Many a reader has heard someone of our fellowship testify to having “seen the church” and affirming their having “taken their stand” for the truth. We honor one man and his publication as being the root source of that truth. D. S. Warner was the man. The Gospel Trumpet was the vital publication. Warner’s itinerant ministry anchored the flagpole on which we flew our banner of holiness and unity, and Warner and his army of “Flying Ministers” pursued their quest for unity and holiness. 

The charismatic Warner led this diligent charge from about 1878 until his death 12-18-95. The summer of 1887 had seen Warner invite Enoch Byrum to buy into the magazine and manage the Grand Junction print shop. This had allowed Warner to return to his traveling ministry, while positioning Byrum to become heir-apparent to the throne —the Editor’s Desk where the buck stopped.       

Following Warner’s unexpected death, the youthful Byrum led this increasingly diverse band of disciples until 1916, when replaced in his seat of editorial power by F. G. Smith, a boyhood convert of Warner. The Byrum brothers Enoch and Noah Byrum exhibited business forte and organizational genius, aided by the volunteer workforce initiated by J. C. Fisher at Williamston. This combined group learned the publishing business and further supplemented the itinerants forming the “flying ministry.”

They pushed globally in all directions, establishing multiple preaching points, foreign and domestic. When the Chicago Missionary Home began reproducing itself elsewhere, this new trending added additional means of distributing Warner’s “pen preaching.” They also served as “in-service training centers,” playing a prelude to our current system of theological education. They now include some of our oldest settled congregational centers, such as Oakland, CA; Kansas City, MO, St. Paul, MN, St. Joseph, MI., and New York City.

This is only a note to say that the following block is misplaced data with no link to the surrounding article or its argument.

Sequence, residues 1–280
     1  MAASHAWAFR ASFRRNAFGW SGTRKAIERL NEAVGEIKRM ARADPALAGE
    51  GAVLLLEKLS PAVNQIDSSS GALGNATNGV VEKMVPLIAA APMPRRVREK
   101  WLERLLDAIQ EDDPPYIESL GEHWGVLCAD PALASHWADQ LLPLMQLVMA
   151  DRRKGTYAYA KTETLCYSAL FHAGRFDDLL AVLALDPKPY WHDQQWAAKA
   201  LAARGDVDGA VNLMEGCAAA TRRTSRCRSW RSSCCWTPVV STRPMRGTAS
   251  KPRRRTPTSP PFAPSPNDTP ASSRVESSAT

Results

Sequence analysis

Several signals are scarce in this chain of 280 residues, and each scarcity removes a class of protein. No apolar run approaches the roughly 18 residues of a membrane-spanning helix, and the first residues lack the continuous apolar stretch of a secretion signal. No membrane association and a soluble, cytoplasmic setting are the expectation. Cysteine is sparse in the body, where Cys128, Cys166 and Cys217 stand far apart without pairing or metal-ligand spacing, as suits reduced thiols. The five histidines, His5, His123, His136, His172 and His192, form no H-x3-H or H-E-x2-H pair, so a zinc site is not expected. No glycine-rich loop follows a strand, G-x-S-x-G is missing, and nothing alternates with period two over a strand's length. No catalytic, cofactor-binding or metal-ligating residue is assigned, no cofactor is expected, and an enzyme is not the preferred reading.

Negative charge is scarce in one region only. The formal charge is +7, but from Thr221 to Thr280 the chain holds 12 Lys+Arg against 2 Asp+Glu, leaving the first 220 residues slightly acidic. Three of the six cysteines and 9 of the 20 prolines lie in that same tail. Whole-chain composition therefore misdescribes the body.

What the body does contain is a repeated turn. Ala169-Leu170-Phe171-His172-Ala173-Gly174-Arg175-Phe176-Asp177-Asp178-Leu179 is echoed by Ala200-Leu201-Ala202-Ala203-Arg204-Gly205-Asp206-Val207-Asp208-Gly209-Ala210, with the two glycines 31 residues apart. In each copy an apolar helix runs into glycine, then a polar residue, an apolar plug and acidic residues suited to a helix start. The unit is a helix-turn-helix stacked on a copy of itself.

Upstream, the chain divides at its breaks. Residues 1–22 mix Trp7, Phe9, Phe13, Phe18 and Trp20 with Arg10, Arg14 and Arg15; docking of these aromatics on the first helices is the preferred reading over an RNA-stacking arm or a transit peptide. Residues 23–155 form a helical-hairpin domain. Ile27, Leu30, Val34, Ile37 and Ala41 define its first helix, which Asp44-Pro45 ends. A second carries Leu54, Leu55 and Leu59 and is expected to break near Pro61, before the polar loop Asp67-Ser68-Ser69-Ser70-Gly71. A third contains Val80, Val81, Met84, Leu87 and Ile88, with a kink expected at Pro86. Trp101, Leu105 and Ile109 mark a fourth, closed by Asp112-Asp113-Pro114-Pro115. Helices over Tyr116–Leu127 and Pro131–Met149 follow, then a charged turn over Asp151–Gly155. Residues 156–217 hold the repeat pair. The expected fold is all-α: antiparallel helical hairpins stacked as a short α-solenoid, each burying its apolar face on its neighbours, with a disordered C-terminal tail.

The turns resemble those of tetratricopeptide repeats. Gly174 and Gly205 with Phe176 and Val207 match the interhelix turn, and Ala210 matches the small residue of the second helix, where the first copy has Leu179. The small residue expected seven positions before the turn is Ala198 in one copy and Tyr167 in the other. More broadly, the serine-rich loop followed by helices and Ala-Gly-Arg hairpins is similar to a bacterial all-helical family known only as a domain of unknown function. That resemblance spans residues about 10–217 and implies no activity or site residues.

Filtering Warner’s faith was this personal-faith-in-God-through-Christ theology that came via Warner’s Anabaptist and Pietistic roots. The Wesleyan Holiness Movement resulted after certain Moravians met and witnessed zealously and earnestly to John Wesley. Warner eventually experienced this “power of God;” tied a secure knot in his rope of personal faith and linked his message with this Holiness Movement. Consequently, when John W. V. Smith wrote our Centennial history, he condensed Warner’s ministry into a vehicle that rode on a dual track (cf. The Quest for Holiness and Unity (Warner Press, 1980).

As a people, we have now ridden these twin tracks of holiness and unity for more than one-hundred thirty-five years. During that time, we have succeeded modestly well at institutionalizing our Church Movement, at the same time walking through an organizational minefield of organization while trying to discern the blessings and pitfalls of denominational organization. We have, however, failed to adequately address the third component that brought success to Warner and his peers, while giving us a voice as a Movement, and providing a reason for our existence--our raison d’etre.

Warner’s peers shared his compulsion to proclaim the gospel and they scurried about in every direction witnessing through the “flying ministry.” Believing at first that their time was limited, they rushed about in all directions burning with the fire of the anonymous Texas oilman who pushed up to the airport ticket counter, slammed his fist down and demanded a ticket. When the flustered young agent inquired “where to, Sir?” the hardy Texan declared, “Anywhere, young man, I have business everywhere!” 

The older we have grown as a Movement, the further from Warner and our roots we have moved; and the dimmer has become our vision of what drove him and his cohorts. While we search ever more frantically, if we would better understand Warner and his vision, we must once more feel the fervor that lifted him on the winds of The Spirit and carried him from nowhere to launch him everywhere. Longtime Warner Press Editor, Harold Phillips, noted this entry from Warner’s journal:

Passed by the old schoolhouse 
where I gave my heart to God (February 1865).  
Thank God for that step. 
Oh, how glad I Am it was ever my lot to become a Christian!”1